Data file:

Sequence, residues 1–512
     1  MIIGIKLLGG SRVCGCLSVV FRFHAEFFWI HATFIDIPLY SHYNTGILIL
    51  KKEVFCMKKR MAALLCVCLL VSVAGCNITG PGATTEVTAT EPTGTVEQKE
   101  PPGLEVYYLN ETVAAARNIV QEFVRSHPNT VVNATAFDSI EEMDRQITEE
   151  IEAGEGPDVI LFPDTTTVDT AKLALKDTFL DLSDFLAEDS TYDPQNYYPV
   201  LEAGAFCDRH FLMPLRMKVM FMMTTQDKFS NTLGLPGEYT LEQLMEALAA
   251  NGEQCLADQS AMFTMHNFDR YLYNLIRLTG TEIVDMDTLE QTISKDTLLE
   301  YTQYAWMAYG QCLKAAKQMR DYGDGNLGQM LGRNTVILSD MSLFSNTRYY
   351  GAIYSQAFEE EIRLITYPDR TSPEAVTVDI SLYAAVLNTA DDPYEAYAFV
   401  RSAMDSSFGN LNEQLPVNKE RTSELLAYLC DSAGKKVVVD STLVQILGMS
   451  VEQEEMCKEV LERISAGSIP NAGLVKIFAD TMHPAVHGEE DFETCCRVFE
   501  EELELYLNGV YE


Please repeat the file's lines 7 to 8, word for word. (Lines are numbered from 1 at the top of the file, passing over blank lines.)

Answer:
   251  NGEQCLADQS AMFTMHNFDR YLYNLIRLTG TEIVDMDTLE QTISKDTLLE
   301  YTQYAWMAYG QCLKAAKQMR DYGDGNLGQM LGRNTVILSD MSLFSNTRYY